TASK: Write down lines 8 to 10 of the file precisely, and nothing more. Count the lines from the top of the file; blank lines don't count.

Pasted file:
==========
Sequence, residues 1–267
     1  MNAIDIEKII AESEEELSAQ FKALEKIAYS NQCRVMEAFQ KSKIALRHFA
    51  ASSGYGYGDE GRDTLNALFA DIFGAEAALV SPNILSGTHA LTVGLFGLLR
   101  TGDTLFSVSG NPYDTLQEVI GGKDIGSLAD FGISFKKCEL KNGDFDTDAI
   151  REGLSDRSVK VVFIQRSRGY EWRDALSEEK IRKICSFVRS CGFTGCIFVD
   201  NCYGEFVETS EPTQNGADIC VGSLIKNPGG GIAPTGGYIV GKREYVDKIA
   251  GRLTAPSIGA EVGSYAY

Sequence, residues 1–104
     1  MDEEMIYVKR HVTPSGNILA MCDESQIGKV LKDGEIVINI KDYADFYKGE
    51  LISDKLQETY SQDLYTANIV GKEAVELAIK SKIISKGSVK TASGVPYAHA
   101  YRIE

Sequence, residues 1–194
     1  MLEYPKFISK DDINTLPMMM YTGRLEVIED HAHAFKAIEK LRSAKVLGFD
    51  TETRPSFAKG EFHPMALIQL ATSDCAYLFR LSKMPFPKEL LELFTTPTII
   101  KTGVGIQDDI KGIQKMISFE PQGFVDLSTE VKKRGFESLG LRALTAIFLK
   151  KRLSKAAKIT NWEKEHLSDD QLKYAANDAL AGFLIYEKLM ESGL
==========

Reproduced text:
Sequence, residues 1–104
     1  MDEEMIYVKR HVTPSGNILA MCDESQIGKV LKDGEIVINI KDYADFYKGE
    51  LISDKLQETY SQDLYTANIV GKEAVELAIK SKIISKGSVK TASGVPYAHA